International Journal of Zoology
 Journal metrics
Acceptance rate27%
Submission to final decision80 days
Acceptance to publication37 days
CiteScore0.670
Impact Factor-
 Submit

Combined Effect of Methanol Extracts and Essential Oils of Callistemon rigidus (Myrtaceae) and Eucalyptus camaldulensis (Myrtaceae) against Anopheles gambiae Giles larvae (Diptera: Culicidae)

Read the full article

 Journal profile

International Journal of Zoology publishes original research articles as well as review articles in all areas of zoology.

 Editor spotlight

International Journal of Zoology maintains an Editorial Board of practicing researchers from around the world, to ensure manuscripts are handled by editors who are experts in the field of study.

 Special Issues

Do you think there is an emerging area of research that really needs to be highlighted? Or an existing research area that has been overlooked or would benefit from deeper investigation? Raise the profile of a research area by leading a Special Issue.

Latest Articles

More articles
Research Article

Foraging Ecology and Diurnal Activity Patterns of Klipspringer (Oreotragus oreotragus) in Yetefet Woyenat Forest, East Gojjam, Ethiopia

The foraging ecology and diurnal activity patterns of the klipspringer (Oreotragus oreotragus) were studied in Yetefet Woyenat Forest from September 2017 to August 2018 during the dry and wet seasons. Data were collected by visual observation using focal and scan sampling methods. The result indicated that klipspringers were observed feeding on grasses, herbs, trees, and shrubs, but were primarily browsers during both wet and dry seasons. Carissa edulis was the most consumed plant species in the study area, followed by Rosa abyssinica and Maytenus arbutifolia. Despite moderate ambient temperatures, klipspringers were mostly active during early morning and late afternoon, feeding 45.56% of the daylight hours during the dry season and 43.75% during the wet season. Klipspringers were facing threats due to human activities in the study area. Thus, appropriate conservation measures should be taken to reduce disturbance of their ecology.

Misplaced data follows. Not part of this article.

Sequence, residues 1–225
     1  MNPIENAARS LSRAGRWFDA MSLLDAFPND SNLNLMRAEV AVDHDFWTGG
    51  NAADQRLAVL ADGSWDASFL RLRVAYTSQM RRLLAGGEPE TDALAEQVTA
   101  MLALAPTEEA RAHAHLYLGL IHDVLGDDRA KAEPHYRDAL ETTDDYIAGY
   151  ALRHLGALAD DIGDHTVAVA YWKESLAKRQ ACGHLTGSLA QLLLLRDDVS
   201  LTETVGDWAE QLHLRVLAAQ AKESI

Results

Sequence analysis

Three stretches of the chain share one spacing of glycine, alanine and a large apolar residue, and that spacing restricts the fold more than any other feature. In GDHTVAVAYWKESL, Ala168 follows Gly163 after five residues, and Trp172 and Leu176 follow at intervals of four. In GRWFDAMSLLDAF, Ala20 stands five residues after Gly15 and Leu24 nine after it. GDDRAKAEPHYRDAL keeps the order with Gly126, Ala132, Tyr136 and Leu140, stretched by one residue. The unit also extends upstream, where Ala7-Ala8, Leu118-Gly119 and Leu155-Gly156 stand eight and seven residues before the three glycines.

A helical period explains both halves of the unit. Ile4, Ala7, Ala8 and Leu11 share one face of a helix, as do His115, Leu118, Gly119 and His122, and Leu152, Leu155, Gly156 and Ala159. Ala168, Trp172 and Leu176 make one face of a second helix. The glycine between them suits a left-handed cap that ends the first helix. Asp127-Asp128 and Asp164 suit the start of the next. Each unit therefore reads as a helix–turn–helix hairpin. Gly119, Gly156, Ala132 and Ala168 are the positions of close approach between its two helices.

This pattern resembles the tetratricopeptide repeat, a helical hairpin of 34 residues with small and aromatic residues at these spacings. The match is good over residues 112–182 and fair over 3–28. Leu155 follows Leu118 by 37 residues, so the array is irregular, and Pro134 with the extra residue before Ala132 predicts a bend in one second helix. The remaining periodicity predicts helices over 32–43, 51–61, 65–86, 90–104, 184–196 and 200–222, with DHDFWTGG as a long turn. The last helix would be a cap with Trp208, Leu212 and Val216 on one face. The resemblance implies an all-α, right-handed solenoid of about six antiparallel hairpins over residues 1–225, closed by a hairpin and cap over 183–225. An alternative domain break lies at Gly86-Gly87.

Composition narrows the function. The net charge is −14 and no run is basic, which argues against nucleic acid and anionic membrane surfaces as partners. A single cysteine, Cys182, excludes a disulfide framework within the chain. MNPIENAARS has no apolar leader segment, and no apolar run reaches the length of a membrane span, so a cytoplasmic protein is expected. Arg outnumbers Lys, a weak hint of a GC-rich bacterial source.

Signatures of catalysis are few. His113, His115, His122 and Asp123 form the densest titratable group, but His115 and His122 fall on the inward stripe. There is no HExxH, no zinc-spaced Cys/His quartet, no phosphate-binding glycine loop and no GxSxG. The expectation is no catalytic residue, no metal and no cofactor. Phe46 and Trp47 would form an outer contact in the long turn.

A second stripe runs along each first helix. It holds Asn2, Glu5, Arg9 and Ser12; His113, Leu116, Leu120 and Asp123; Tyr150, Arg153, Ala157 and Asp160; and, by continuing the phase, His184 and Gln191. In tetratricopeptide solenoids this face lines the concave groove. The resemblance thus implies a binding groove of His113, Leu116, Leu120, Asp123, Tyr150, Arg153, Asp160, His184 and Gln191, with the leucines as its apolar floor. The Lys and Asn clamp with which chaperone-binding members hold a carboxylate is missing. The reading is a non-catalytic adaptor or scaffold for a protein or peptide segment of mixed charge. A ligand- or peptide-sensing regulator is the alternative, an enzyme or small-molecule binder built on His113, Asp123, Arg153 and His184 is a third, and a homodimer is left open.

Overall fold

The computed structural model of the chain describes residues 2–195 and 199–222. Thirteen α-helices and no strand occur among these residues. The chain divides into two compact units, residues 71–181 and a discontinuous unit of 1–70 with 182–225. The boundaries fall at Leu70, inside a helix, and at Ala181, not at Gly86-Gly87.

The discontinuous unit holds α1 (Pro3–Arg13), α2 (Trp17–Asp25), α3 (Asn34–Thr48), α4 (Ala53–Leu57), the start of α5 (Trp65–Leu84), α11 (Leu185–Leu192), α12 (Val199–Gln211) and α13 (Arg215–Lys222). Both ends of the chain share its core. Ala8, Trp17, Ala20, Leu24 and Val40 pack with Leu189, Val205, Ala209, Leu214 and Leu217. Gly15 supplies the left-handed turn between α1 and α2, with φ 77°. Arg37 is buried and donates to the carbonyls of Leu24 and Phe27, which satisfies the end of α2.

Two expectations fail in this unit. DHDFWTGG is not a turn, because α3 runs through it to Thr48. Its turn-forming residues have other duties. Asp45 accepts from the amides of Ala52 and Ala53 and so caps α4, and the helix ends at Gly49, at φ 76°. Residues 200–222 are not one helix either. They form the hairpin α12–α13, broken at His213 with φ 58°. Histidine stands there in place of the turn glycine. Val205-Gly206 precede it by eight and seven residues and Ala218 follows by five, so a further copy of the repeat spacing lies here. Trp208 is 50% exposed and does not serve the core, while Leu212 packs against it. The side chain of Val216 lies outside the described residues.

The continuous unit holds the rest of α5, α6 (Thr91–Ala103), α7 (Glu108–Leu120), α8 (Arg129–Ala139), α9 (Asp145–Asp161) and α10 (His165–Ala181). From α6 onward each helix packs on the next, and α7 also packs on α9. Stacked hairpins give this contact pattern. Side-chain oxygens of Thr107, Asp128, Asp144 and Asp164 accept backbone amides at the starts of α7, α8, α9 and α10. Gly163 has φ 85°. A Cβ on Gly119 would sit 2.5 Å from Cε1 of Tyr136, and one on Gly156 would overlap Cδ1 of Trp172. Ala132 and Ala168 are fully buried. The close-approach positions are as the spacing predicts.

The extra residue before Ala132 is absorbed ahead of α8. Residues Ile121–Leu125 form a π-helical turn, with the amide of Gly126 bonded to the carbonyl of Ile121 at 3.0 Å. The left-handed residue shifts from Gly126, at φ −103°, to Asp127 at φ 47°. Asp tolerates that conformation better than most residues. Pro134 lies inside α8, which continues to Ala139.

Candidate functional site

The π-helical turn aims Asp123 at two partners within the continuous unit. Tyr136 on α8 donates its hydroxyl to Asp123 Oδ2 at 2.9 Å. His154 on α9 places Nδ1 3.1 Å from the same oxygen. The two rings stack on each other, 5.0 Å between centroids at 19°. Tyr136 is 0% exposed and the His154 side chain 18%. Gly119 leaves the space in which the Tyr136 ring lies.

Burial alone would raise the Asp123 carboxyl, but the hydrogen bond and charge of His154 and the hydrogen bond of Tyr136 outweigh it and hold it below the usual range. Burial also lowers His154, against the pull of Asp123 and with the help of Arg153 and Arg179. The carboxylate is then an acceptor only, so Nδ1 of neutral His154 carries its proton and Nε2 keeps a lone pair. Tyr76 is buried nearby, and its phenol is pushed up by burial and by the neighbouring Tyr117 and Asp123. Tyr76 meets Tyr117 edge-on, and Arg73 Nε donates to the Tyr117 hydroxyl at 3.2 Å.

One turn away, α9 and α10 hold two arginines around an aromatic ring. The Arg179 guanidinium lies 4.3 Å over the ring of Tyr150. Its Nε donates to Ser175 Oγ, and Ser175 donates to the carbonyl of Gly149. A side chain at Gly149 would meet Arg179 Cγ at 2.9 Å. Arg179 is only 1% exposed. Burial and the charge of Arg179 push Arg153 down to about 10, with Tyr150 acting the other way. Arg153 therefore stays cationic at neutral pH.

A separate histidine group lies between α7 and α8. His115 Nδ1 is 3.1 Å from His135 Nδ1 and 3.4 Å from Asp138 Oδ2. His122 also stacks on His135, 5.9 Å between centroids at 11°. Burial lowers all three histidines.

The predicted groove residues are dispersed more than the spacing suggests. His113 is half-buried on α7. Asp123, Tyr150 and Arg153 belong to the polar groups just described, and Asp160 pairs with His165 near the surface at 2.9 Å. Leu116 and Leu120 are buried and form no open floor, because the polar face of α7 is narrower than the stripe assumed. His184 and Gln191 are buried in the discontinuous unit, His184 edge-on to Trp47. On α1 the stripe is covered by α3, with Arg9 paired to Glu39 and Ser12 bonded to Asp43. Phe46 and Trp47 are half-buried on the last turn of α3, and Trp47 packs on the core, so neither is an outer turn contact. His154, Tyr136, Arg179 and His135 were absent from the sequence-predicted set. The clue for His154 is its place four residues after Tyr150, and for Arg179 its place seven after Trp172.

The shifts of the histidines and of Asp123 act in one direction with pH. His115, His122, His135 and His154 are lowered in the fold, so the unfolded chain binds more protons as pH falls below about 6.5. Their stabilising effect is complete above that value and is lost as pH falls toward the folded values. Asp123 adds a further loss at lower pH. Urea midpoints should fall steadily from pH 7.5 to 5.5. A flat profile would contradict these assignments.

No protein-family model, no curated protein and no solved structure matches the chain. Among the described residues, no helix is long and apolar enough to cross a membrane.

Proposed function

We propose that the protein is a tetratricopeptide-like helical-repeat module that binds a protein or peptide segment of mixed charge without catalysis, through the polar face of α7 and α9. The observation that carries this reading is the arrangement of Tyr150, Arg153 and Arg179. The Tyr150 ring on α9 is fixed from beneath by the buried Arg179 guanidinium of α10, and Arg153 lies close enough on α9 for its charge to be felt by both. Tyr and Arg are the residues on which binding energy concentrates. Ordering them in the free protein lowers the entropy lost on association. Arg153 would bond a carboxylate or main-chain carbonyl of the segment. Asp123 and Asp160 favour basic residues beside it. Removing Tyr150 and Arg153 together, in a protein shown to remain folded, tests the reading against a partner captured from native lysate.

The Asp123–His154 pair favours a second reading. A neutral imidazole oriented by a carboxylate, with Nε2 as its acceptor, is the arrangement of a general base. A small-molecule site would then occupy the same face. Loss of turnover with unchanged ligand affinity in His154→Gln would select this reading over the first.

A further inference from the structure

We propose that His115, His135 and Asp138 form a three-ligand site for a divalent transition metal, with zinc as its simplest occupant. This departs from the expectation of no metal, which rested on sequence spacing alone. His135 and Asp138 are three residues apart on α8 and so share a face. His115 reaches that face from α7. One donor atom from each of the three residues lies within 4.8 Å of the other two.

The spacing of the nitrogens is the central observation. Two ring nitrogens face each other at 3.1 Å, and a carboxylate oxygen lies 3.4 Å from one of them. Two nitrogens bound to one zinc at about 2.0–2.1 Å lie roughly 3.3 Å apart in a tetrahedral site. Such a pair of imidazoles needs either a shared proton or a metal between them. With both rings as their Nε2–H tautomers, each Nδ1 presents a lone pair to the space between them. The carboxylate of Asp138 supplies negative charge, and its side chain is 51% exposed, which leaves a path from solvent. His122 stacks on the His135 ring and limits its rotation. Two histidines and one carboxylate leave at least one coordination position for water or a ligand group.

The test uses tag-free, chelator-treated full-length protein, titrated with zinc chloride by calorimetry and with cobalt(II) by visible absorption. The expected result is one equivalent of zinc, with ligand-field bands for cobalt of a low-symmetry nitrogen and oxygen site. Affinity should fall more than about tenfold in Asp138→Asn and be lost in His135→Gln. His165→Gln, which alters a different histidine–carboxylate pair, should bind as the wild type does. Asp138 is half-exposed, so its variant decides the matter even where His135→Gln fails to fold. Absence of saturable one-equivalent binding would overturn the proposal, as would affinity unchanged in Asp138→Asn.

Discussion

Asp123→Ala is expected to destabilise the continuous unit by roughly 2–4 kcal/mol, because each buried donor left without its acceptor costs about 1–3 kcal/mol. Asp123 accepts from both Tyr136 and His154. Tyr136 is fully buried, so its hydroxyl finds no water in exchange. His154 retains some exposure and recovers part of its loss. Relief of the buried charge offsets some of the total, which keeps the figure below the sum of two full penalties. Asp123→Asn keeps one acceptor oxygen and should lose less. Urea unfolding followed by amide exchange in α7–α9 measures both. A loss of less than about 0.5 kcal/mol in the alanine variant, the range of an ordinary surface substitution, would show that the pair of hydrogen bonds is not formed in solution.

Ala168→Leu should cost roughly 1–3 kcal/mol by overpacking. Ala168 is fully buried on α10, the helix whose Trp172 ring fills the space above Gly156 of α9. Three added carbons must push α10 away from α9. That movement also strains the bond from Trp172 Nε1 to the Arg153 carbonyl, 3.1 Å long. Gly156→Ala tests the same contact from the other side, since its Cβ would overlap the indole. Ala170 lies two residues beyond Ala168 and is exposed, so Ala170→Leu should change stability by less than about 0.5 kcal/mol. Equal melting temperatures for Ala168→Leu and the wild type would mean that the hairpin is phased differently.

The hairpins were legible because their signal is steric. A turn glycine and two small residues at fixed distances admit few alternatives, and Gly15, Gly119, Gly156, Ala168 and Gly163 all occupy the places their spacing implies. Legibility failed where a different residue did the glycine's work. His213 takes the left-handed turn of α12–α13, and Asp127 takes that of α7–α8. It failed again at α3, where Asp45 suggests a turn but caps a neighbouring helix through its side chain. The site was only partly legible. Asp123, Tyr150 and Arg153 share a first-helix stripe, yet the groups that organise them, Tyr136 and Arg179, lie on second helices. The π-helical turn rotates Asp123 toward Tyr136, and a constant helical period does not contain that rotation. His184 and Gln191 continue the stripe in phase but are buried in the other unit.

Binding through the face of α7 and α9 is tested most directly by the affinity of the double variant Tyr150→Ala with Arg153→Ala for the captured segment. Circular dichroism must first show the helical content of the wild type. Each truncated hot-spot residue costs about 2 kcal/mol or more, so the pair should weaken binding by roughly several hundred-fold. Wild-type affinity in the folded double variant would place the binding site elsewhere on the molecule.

Research Article

Bird Diversity and Community Composition in Kafta Sheraro National Park, Tigray, Northern Ethiopia

Birds are one of the most important components of biodiversity that has huge ecological, economical, and esthetic values. The main objective of this study was to assess diversity and species composition of bird community in Kafta Sheraro National Park, Northern Ethiopia. Data were collected from August 2017 to March 2018 in the national park. Point count method was employed to collect data on bird species diversity and species composition. Direct observations of birds and discussion with local people and scouts to assess potential threats of avifauna in the park were made. Shannon diversity index was used to calculate the species diversity. A total of 158 bird species belonging to 52 different families and 20 orders were identified. Of the recorded species, there were 76.6% residents, 15.8% Palaearctic migrants (PM), 5.7% Intra-African migrants (IM), and 1.9% partial migrants. Accipitiridae (11.4%) had the highest species followed by Columbidae, Estrilidae, and Ploceidae with 7%, 5.7%, and 4.4% species, respectively. The highest Shannon–Weiner diversity index (H′ = 4.50) was recorded during February while the lowest (H′ = 2.18) was recorded during March. Species richness of the park showed no significance difference among the study months (χ2 = 10.046, df = 5, ). Agricultural expansions, fire, livestock grazing, mining, and poaching were the major threats of the park bird species. Kafta Sheraro National Park is one of the areas with high avian composition in Ethiopia. In the park, wildlife watching in general and ornithological tourism in particular should be developed. Anthropogenic disturbances should also be minimized to conserve avian diversity of the park.